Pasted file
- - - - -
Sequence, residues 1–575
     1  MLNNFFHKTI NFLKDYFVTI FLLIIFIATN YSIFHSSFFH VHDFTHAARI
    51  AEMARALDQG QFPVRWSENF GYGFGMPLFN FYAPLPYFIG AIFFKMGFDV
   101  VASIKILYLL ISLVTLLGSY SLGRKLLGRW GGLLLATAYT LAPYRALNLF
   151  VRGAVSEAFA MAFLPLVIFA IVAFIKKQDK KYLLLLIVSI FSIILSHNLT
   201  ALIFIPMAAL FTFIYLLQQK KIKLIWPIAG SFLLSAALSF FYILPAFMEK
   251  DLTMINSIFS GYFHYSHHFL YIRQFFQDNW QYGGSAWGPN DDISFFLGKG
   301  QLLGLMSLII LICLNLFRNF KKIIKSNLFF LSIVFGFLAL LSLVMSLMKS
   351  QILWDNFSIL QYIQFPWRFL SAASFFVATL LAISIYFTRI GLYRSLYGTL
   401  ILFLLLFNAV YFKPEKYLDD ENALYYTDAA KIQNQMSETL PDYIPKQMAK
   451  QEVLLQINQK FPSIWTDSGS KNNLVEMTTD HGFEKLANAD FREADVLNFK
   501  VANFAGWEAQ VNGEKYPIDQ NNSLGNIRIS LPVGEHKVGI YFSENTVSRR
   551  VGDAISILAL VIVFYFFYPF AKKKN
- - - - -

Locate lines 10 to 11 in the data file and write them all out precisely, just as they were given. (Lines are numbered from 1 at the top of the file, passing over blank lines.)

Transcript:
   401  ILFLLLFNAV YFKPEKYLDD ENALYYTDAA KIQNQMSETL PDYIPKQMAK
   451  QEVLLQINQK FPSIWTDSGS KNNLVEMTTD HGFEKLANAD FREADVLNFK